Governor Kim Reynolds and the Republican-led legislature continued to follow fiscal conservatism. The legislature passed an $8.1 billion FY 2022 state budget. This budget is $290.7 million more than the FY 2021 budget. The $8.1 billion budget is over $4 million more than what Governor Reynolds originally proposed. Nevertheless, even as spending has slightly increased from the previous fiscal year, Iowa’s fiscal house is in good standing.
The budget spends 97.66 percent of projected revenues for FY 2022. A $385.8 million surplus is projected and could increase based on revenue projections. The Cash Reserve fund and the Economic Emergency fund are full, with a combined total of $817.9 million. The Taxpayer Relief fund also has a balance of $316.4 million.
Once again, public education (prek-12, community colleges, and higher education) and the Department of Health and Human Services (DHS), which includes Medicaid, a leading budget driver, consume the largest portion of the budget. Public education and DHS consume 79.9 percent of the budget. In FY 1995, both consumed 47.2 percent of total spending. Since then, education and DHS spending has increased by close to 33 percent.
State aid to schools continues to be the largest appropriation at $3.4 billion. That in addition to funding other public education, consumes 54 percent of the budget. The DHS budget for FY 2022 is over $2 billion. The growing cost of both public education and DHS (Medicaid) should concern policymakers. These two programs are on autopilot and they are crowding out other priorities. Structural reforms to both programs will be needed.
Governor Reynolds and the Republican-led legislature are criticized by many progressives and liberals who argue that many areas of the state budget are underfunded, especially in public education and DHS. However, this does not mean that spending has declined. From 2013 to 2020, Iowa’s budget has grown 1.6 times faster than population growth plus inflation. Last year’s budget (FY 2021), which passed during the pandemic, was considered a “status quo” budget, with spending only slightly greater than the previous year. This is hardly austerity-style budgeting and only in government can slowing the growth of spending be considered a cut.
The spending discipline applied by Governor Reynolds and the Republican legislature has also allowed them to reduce tax rates. In 2018, a comprehensive tax reform measure was passed, which lowered both individual and corporate income tax rates. During this legislative session, another tax reform measure was passed, which will lower individual income tax rates in 2023, and phases out over five years the obsolete inheritance tax. In addition, the measure provided property tax relief by phasing out the county mental health tax levy. Funding for mental health will now be the responsibility of the state general fund.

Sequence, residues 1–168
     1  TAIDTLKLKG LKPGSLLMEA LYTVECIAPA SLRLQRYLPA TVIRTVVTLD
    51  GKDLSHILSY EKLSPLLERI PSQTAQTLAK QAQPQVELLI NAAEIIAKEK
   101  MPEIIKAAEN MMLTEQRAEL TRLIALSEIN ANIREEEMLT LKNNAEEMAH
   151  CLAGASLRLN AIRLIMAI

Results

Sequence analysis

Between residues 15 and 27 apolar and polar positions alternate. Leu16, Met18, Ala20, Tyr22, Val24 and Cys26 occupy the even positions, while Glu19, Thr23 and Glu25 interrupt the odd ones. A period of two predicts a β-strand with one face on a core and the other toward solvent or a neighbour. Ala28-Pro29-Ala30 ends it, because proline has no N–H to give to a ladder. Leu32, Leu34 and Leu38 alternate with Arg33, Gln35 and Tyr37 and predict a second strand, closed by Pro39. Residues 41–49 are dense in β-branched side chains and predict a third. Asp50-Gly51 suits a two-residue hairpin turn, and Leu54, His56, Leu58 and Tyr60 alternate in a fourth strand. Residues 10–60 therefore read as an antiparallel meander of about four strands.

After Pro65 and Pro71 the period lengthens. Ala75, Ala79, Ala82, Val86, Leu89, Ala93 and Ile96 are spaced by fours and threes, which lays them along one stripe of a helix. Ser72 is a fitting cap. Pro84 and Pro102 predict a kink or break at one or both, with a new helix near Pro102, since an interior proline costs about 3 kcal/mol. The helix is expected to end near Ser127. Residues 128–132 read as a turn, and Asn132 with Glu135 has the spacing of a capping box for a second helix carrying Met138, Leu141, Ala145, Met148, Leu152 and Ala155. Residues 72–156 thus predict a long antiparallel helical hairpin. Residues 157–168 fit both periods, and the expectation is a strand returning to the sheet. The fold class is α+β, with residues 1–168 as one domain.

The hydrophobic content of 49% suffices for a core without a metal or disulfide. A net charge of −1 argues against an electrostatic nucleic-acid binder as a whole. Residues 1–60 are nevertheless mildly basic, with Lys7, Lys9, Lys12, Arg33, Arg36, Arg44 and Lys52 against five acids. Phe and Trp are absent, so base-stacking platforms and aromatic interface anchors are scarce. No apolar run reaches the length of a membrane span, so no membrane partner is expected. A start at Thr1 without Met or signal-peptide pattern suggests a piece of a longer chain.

As a result of prudent spending, the Iowa legislature will be able to consider further tax reform during the next legislative session. Tax reform in Iowa is far from complete and both individual and corporate tax rates need to be lowered. Taxes and spending are two sides of the same coin, and to lower rates, spending must also be reduced. If policymakers want to seriously reduce tax rates and make the tax code more competitive, spending must be prioritized and limited.
Iowa is demonstrating that fiscal conservatism works. Governor Reynolds offers a clear contrast to President Joe Biden, who in his first 100 days in office has proposed $6 trillion in new spending. Both political parties can share blame in our $28 trillion and growing national debt, but Governor Reynolds and the Republican-led legislature can serve as an example to federal policymakers.
The tax and spend policies that dominate both the federal government and states such as New York, California, and Illinois, just to name a few, are examples of disastrous economic policies. High tax rates, supported by spending increases, fail to accomplish the intended goal of economic growth.
Governor Reynolds understands that the best way to grow Iowa’s economy and create opportunities is to create more freedom through less taxation, regulation, and spending. Iowa’s budget is providing for the priorities of government. This does not mean that there are not areas for budget reform, such as considering a stricter spending limitation.
The fiscal policy principles of limited spending, conservative revenue estimates, and keeping tax rates low lead to responsible budgeting. These principles will not only generate economic growth, but they prepare the state for economic downturns and emergencies. Following these principles also place the taxpayer first.